Social mobility and me

Here patent attorney Gemma Christie, who works at Keltie, shares her story. She tells us how hard work and determination allowed her to access a high-flying career from a relatively low-key start.

Gemma writes:

I have had something of an interest in social mobility for a fair while now, but it has only recently occurred to me that this is probably because I myself have been socially mobile. I know it sounds daft to say that I hadn’t noticed my own social mobility, but I had never really considered myself and my career in the context of my background. Now don’t get me wrong, I don’t come from the most deprived parts of inner city UK, and I am not discriminated against because of my name, skin colour, accent or race. Nonetheless, my brother and I are the first generation of my immediate family to have gone to university, something that I have recently become aware is a measure of social mobility.

As I mentioned in a previous article, when I was born my mother was a part time secretary and my father was storeman in a local factory. Neither left school with any qualifications, in my father’s case, not least because his family needed him to go out and earn a wage. My mother did very well in her career becoming a qualified finance and insurance professional by the end of her career. She was certainly socially mobile (although I’m not sure that label existed at the time – certainly not in her world).

My parents were very supportive of me and my brother, but they never pushed us academically. There was really no expectation that we would do anything other than get a job locally and have a family as they had done. I am certainly not criticising anyone who follows that path, and I would happily see my own children follow that route. My point is that there was no pressure put on us to achieve outstanding academic results or high flying careers.

I had the good fortune of attending one of the many excellent state schools that we have here in the UK. A school that mentored students and parents alike through the university application process, encouraging those with potential to apply to top universities. My best friend’s sister had gone to Oxford a few years earlier and we spent a weekend there with her early in my lower sixth year. That was it, noting else would do, I wanted to go to Oxford.

Fortunately for me (as I now realise), I was a state school girl studying maths, physics and chemistry at A-level who wanted to be an Engineer. It has taken me a long time to admit this, but I believe now that my place at Oxford probably was, at least in part, a “diversity hire”. Ten years ago I would never have admitted that this was even a possibility as I absolutely believed that positive discrimination was demeaning to the recipient and unfair to those discriminated against. Whilst it is not true to say that I am now a fully paid up supporter of positive discrimination policies, I can see that it is very hard, if not impossible, to change the status quo without them. On paper, there probably were “better” candidates with four or more A-Levels. My school, although excellent, did not have the resources, experience or number of high calibre students to effectively support any student taking any more than three A-levels. So how could I ever compete if not for positive discrimination, or at least some recognition of my relative disadvantage to students coming from well resourced private schools brimming with academic talent.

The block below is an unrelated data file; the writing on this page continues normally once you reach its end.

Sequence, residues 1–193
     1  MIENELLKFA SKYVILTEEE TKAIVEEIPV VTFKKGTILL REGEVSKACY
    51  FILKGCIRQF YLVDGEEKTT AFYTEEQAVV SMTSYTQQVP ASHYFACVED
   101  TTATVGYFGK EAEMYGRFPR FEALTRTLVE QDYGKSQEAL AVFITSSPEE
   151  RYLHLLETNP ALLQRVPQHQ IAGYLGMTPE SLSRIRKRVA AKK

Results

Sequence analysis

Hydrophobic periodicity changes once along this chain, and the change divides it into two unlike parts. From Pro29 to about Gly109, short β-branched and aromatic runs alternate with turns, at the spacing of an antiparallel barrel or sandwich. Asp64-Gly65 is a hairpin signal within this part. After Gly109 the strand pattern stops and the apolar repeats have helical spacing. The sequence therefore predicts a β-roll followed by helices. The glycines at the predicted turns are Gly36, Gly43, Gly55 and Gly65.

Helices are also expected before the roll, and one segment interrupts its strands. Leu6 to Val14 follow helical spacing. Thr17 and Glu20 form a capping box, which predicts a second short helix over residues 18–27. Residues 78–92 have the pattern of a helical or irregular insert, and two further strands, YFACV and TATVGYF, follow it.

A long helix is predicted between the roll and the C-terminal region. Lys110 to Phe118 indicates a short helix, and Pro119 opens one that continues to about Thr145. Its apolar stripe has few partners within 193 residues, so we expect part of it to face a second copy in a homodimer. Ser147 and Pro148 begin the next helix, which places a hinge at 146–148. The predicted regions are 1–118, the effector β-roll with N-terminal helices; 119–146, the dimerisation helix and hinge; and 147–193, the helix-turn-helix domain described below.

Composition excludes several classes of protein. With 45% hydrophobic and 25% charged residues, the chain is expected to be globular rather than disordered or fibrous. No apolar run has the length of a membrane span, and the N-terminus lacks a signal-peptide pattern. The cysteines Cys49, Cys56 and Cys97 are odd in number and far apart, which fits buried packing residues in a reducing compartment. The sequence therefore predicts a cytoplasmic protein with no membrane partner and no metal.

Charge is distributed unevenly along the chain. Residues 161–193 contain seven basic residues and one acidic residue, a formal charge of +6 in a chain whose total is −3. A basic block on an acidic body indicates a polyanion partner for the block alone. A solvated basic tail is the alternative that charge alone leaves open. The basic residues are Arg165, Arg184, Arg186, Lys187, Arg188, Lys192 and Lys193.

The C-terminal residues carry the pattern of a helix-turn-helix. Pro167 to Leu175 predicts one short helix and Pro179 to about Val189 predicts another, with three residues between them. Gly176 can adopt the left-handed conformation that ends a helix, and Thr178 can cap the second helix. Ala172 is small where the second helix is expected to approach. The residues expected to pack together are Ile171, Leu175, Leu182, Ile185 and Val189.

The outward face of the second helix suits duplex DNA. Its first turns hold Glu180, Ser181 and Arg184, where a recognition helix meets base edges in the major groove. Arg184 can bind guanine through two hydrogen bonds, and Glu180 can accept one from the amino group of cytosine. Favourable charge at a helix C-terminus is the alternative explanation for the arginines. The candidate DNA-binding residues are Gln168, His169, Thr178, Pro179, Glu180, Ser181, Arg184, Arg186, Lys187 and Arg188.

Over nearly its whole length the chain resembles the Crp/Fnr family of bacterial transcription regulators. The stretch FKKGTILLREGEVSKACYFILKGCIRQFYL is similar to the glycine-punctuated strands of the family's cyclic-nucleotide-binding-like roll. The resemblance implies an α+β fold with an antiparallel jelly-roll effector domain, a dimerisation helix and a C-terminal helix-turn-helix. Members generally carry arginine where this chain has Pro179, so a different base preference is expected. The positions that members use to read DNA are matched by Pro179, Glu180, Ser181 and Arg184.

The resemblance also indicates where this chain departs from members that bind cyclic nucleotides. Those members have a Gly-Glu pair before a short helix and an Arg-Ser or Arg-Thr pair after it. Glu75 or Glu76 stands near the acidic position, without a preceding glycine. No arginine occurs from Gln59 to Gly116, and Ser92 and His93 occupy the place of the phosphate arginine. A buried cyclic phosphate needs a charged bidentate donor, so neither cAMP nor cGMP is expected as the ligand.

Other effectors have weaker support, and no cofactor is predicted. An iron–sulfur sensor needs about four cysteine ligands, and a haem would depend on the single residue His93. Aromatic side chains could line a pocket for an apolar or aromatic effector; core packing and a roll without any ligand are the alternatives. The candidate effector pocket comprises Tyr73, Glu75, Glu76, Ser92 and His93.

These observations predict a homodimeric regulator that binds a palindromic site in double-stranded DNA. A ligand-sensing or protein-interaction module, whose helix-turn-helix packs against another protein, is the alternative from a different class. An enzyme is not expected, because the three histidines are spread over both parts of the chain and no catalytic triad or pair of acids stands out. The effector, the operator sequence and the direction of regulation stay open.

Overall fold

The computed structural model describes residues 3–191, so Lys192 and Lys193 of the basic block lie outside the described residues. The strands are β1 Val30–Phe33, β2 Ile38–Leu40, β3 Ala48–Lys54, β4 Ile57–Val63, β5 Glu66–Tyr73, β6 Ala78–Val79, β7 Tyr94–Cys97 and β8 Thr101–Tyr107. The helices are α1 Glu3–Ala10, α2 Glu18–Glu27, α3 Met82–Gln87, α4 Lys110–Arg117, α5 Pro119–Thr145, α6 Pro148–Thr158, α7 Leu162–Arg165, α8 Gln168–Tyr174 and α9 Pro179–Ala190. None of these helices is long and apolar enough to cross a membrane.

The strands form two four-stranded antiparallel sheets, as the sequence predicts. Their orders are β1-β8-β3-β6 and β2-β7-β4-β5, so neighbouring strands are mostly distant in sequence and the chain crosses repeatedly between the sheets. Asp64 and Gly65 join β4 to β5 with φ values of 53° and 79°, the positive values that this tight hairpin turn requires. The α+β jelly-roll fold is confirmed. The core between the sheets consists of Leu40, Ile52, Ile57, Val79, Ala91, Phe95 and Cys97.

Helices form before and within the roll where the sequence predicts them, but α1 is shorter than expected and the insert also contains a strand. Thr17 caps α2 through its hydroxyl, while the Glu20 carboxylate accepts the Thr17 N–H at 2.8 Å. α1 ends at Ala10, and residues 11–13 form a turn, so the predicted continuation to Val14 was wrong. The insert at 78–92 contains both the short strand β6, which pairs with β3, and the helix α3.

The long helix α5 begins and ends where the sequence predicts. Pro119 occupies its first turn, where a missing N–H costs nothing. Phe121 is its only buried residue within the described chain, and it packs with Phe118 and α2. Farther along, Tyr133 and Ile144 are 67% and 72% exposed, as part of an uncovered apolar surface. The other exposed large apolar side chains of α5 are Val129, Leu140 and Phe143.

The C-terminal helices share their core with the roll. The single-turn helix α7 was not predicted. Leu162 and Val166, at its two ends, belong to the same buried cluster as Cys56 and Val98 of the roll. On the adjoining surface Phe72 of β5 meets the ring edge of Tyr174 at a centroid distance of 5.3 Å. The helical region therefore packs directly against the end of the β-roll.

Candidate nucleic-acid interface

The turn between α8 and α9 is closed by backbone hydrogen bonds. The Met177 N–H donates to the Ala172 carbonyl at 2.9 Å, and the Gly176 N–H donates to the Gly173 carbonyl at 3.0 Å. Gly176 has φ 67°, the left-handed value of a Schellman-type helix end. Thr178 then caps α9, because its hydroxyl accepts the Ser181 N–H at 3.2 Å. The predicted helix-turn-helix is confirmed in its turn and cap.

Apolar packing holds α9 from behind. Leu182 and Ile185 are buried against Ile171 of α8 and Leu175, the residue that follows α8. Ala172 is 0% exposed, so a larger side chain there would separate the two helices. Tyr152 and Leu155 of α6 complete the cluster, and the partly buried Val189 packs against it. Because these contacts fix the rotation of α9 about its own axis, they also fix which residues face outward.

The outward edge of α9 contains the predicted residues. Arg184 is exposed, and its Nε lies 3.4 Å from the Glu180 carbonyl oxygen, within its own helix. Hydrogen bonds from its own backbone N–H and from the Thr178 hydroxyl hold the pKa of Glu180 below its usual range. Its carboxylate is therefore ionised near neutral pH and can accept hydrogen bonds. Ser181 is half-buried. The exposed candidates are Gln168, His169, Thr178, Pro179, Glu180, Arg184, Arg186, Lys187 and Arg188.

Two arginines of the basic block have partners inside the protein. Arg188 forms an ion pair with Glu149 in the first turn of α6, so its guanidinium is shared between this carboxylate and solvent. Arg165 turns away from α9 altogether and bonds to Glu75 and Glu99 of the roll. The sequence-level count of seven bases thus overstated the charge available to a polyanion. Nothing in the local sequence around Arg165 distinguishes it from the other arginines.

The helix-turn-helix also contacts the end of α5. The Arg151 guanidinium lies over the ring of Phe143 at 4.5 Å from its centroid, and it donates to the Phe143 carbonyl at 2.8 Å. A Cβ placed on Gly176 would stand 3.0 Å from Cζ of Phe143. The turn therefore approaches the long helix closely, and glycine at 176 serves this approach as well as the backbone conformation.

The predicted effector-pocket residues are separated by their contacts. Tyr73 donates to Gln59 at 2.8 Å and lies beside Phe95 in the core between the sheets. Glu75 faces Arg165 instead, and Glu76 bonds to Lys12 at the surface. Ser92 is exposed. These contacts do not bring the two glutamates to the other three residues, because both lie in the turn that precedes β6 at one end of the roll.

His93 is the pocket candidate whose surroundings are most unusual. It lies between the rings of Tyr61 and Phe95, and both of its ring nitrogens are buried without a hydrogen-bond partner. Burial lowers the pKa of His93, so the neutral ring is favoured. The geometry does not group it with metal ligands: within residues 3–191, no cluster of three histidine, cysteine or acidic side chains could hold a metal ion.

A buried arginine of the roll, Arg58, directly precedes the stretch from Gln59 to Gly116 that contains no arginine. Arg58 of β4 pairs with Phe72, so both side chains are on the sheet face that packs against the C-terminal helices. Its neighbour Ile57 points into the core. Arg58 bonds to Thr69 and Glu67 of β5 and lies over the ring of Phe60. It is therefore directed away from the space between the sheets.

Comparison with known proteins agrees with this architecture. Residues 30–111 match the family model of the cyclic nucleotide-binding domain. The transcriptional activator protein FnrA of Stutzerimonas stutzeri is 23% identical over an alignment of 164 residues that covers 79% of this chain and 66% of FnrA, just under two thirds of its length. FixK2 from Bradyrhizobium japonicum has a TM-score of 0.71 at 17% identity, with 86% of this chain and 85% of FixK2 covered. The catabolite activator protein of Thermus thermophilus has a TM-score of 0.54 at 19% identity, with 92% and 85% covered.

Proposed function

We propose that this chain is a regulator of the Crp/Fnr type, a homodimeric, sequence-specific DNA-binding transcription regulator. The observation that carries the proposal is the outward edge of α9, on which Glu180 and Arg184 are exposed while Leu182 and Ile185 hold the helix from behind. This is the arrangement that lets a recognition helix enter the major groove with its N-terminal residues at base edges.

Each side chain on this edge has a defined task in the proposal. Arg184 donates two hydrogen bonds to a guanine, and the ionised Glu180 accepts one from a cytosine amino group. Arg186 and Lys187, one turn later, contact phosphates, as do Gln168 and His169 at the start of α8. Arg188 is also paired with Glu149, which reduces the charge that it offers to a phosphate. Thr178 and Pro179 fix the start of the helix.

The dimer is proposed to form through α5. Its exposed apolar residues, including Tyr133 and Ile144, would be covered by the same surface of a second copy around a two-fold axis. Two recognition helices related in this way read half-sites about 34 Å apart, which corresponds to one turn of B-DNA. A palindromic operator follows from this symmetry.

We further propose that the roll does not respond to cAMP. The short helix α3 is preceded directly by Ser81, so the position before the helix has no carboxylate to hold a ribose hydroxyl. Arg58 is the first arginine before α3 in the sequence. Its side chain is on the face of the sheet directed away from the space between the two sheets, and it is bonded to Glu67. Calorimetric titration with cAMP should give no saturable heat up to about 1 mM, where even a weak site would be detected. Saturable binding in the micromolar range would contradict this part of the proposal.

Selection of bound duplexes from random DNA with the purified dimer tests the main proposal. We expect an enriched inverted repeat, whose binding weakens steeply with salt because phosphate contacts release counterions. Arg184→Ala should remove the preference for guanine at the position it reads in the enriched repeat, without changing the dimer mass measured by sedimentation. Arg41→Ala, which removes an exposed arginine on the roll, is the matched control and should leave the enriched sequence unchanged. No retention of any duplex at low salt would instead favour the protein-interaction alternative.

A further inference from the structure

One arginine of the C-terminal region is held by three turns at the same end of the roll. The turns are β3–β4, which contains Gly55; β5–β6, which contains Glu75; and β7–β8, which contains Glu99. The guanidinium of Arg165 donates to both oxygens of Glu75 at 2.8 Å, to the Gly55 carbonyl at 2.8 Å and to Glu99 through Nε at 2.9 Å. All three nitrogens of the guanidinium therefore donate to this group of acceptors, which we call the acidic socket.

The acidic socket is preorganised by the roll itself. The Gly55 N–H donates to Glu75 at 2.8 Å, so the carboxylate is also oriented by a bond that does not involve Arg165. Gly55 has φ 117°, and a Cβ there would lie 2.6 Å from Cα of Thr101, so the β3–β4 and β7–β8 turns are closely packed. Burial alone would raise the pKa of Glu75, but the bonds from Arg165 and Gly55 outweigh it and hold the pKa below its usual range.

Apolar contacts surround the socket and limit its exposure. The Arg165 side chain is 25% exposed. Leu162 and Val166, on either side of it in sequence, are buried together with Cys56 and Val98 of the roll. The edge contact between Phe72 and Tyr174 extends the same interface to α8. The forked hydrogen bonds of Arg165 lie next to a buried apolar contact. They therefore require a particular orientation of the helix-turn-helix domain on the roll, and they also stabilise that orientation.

To say my first three years at Oxford were hell is…well, an overstatement actually. But I did find it incredibly hard, particularly the maths in my first year as I had not done further maths at A-level. To be fair to the Engineering Department, they did try to bring those of us without further maths up to the required level, but this basically involved covering the whole further maths syllabus in one (8 week) term. It was too much and too hard. I had gone from being one of the smartest kids in my year at school (with the ego to match) to what felt like a total failure. It was awful. The moral of this story is be careful what you wish for (I should have paid more attention to Carol Decker in the ’80s).

Thanks to the help of my truly wonderful angel of a friend Claire, I managed to pass three of my four preliminary examinations at the end of my first year, predictably failing maths. I went on to spend the summer working as a part time care assistant* for my friend’s mother’s home-help agency and studying for my maths re-take.